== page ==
Muteboy, a.k.a. Matthew Petty, created an adjustable beverage rack in his refrigerator with a simple binder clip. The clip can be moved to the left for more beverage storage, or to the right for less. It’s a great idea for those of you with wire shelves in your refrigerator.
Since I have glass shelves throughout my refrigerator and freezer, this particular hack won’t work for me. However, it works great in my office closet where I have two rows of these types of wire shelves in my elfa system. I have already put it to use for corralling four poster tubes. It could work wonderfully for wrapping paper and wine bottles, as well.
Knife and Saw is selling a beautiful bike shelf that is perfect for city dwellers in small spaces:
It’s not inexpensive ($270 for Ash or $300 for Walnut), but it is beautiful. And, the top of the bike rack can be used to hold stuff, which makes it a nice multi-tasker:
Speaking of beautiful wood things, have you seen Combine Collective’s Black Walnut Keyboard Trays?
Ranging from $69 to $79, they hold up to three Mac wireless devices in sustainable wood to use on your lap or desk.
It’s nice to see organizing products that are visually stunning and incredibly functional. So many organizing products are designed with utility as the only focus, completely ignoring aesthetics. I’m always on the lookout for items that manage to have high-quality function and form, and both of these certainly meet those standards.
(Bike shelf via Cool Hunting.)
Now that my son has outgrown his Jumperoo, my husband and I have been on the lookout for a child-size chair. Like most toddlers, my 15-month-old son is insistent upon asserting his independence, and so he wants his own chair. If you try to sit on the same chair or couch he’s on, he’ll go to great lengths to get you to sit somewhere other than his piece of furniture.
We considered getting the Kapsule Chair because it is cute, inexpensive ($49), and doubles as toy storage. Ultimately, we didn’t buy it because when our son outgrows it in a couple years, the chair becomes another thing cluttering up the house.
In the end, we decided to get the Candu Chair, which can also be transformed into a playtable/desk, bedside table, easel, step stool, rocking chair, and magazine/book rack:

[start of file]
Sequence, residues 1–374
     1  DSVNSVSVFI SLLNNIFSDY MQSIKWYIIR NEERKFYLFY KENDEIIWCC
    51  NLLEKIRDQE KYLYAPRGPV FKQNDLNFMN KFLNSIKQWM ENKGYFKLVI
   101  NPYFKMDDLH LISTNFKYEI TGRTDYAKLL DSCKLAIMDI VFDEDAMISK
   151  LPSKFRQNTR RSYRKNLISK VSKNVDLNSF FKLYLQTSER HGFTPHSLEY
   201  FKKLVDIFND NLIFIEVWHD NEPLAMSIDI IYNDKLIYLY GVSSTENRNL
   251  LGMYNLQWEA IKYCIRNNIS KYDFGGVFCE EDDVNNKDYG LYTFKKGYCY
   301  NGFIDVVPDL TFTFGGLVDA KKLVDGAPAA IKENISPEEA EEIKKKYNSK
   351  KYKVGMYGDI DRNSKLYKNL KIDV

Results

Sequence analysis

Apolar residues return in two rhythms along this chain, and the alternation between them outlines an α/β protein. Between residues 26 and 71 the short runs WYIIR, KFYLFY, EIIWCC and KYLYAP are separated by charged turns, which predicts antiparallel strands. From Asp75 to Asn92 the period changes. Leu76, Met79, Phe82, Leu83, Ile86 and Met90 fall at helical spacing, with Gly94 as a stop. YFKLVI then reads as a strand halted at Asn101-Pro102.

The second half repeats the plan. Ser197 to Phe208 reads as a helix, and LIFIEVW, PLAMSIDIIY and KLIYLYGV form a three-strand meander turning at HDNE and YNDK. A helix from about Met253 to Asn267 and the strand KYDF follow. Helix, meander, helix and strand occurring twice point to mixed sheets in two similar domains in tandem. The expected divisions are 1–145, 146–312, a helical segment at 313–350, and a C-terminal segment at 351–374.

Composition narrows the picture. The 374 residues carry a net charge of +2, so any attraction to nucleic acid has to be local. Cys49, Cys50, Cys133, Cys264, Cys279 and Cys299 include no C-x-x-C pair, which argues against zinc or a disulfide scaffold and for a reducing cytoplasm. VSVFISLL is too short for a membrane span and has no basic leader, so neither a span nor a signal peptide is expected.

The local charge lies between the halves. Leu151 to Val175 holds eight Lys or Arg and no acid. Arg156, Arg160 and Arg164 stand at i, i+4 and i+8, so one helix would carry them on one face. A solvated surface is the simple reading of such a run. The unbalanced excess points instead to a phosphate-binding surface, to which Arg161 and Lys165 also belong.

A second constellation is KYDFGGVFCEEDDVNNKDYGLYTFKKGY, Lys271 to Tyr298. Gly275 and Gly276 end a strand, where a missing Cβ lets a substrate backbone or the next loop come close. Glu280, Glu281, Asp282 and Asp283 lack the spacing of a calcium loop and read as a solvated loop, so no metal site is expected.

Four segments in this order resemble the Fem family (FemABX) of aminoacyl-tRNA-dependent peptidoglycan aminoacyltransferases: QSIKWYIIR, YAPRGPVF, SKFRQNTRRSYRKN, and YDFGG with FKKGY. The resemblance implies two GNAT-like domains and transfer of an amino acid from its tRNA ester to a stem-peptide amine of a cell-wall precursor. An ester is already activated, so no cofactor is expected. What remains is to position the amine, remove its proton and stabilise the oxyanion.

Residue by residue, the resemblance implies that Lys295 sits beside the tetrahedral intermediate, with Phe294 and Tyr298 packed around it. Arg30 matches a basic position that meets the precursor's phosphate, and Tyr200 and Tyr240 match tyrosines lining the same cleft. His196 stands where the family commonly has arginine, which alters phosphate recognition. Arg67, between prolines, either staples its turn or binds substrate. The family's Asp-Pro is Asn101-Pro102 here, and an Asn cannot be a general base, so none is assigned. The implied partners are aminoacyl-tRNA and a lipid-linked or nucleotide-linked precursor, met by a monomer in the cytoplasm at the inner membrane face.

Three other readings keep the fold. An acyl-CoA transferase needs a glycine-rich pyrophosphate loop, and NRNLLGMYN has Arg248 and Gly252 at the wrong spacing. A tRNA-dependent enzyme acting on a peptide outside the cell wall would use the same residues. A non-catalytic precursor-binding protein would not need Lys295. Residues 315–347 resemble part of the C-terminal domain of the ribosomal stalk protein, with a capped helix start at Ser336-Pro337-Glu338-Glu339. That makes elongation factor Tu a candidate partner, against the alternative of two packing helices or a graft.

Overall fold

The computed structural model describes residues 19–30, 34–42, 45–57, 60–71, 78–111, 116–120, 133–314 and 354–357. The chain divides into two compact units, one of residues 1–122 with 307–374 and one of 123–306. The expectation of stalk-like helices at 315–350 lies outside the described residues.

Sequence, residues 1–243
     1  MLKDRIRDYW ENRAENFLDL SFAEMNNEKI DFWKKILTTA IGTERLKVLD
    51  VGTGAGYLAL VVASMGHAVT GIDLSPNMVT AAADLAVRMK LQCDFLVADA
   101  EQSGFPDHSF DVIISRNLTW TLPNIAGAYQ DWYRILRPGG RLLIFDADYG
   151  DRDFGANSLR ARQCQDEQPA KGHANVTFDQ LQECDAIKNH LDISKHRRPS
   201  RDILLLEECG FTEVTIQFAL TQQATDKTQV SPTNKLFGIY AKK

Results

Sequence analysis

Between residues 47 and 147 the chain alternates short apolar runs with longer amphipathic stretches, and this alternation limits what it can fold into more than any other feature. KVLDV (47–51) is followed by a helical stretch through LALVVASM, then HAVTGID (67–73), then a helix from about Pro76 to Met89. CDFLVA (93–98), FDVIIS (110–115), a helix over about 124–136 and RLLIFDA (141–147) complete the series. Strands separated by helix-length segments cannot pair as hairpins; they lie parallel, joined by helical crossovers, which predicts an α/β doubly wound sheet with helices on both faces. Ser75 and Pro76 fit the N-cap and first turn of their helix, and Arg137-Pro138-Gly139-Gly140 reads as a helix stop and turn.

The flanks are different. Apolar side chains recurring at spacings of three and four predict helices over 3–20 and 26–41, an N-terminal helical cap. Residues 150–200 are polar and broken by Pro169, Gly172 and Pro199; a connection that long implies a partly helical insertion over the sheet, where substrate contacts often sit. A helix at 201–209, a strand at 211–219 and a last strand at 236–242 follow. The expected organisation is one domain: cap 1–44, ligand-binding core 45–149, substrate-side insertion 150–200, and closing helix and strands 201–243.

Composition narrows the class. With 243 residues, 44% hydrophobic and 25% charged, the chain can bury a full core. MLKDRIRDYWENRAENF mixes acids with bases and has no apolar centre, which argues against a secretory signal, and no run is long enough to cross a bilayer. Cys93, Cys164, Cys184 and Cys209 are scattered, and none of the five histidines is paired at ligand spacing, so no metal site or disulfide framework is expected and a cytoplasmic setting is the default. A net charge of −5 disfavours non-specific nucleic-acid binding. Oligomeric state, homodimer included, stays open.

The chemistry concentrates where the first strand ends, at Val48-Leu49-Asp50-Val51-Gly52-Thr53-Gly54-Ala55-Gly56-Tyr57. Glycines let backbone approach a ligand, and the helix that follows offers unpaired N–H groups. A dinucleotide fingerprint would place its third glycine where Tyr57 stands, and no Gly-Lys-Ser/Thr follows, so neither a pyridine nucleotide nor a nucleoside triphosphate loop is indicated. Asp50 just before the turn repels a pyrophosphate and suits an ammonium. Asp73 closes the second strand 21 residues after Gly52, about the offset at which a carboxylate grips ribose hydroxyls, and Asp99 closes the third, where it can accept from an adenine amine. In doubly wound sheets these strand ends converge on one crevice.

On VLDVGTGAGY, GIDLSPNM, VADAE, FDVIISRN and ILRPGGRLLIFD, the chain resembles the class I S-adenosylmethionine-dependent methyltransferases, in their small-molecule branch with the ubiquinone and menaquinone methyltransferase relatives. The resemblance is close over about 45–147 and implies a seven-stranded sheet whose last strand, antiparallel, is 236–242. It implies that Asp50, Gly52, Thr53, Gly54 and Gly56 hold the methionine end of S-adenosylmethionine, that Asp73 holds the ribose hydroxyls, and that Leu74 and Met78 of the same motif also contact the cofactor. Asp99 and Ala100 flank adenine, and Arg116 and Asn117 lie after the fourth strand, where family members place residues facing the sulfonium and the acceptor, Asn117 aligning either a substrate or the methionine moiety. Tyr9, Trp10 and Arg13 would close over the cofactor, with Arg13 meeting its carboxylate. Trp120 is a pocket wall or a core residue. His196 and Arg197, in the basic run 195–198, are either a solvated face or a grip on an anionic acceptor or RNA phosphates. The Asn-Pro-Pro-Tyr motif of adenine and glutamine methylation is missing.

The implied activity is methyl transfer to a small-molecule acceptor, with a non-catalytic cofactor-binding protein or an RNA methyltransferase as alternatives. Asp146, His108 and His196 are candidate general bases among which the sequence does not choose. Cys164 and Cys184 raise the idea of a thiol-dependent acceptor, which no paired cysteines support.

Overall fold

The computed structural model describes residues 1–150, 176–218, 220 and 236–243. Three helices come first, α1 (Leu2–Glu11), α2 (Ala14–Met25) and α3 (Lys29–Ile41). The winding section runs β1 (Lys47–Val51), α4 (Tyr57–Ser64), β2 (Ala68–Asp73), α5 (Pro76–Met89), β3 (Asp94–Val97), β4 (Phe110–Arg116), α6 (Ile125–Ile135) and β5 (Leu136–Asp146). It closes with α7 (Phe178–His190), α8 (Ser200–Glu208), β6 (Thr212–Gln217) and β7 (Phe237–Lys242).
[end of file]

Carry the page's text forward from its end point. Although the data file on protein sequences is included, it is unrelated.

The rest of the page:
It’s 21″ x 18″ x 18″ and weighs 16 lbs. It’s certainly more expensive than the Kapsule — the Candu Chair is $125 on Amazon — but it’s a piece that should have utility for at least the next 17 years. For families like ours that live in small spaces, the more multi-functional the furniture, the better.
After looking at the picture, I spotted the chair’s $3,300 price tag and quickly closed the catalog. No offense to the designers or the wonderful folks at DWR (it really is an attractive piece of furniture), but $3,300 is way above my price range.
Sleeper chairs are fantastic additions in small spaces because they work double duty as seating and guest accommodations. One of these multitaskers in a living room or office is perfect when you don’t have a guest room or space for a larger sofa sleeper. My husband and I have been considering getting one for my son’s bedroom so that when his cousins or friends spend the night they won’t have to sleep on the floor, and he’ll have a comfortable space to sit and read the rest of the time.
A little more in line with our price range are:
For $130, Target has a single sleeper:
For $20 more ($150), Target has a sleeper lounge chair:
JCPenny has the Sleepy sleeper chair for $500 that is available in nine different upholstery options:
If a modern style is your preference, Amazon has a love seat option for $378:
And, for $1,000, is the sleek Vincent twin sleeper from CB2:
You don’t have to spend $3,300 or add a spare room onto your home to increase the number of sleeping accommodations you have to offer guests — a sleeper chair might be all you need for your small space.
Where Women Create magazine is a product of the Stampington rubber stamp company and is published four times a year. Each issue features 10 to 15 offices and studios of women who make their livings in creative careers.
Since artists typically need lots of supplies to produce their crafts, I thought the spaces in the August/September/October 2010 magazine might feature some atypical storage solutions. Although most of the offices were stuffed with supplies, many of them had ingenious methods for storing items. Here are a few of my favorites:
Camille Roskelley covered her closet doors with white felt to use as an inspiration board for her fabric while designing quilts (image by Ryne Hazen):
Wendy Addison uses an old architect’s blueprint chest to store paper supplies she uses in her artwork. These chests are perfect for organizing flat items (image by Michael Garland):
Artist Jennifer Murphy is clearly a visual processor, and as a result uses walls lined with cork board to store her papers and materials. For people who need to see their work or they forget about it, taking advantage of vertical space can be very helpful (image by Jennifer Murphy):
Editor-in-chief of Where Women Create Jo Packham has repurposed antique shelf brackets to hold ribbon rods and new shelves to store craft supplies in her studio (image by Zachary Williams):
Editor and consultant Nancy Soriano utilizes the space above her office door to store books and the back of her door to hold magazines (image by Scott Jones):
Self-proclaimed “junkinista” Ki Nassauer has made a career of rescuing damaged and discarded items and turning them into artful and usable objects. In this case, she took an old table, sanded, repaired, and painted it, and then added a small fabric mattress to create a kitty bed. It’s not necessarily storage, but it is incredibly cute (image by Heather Bullard):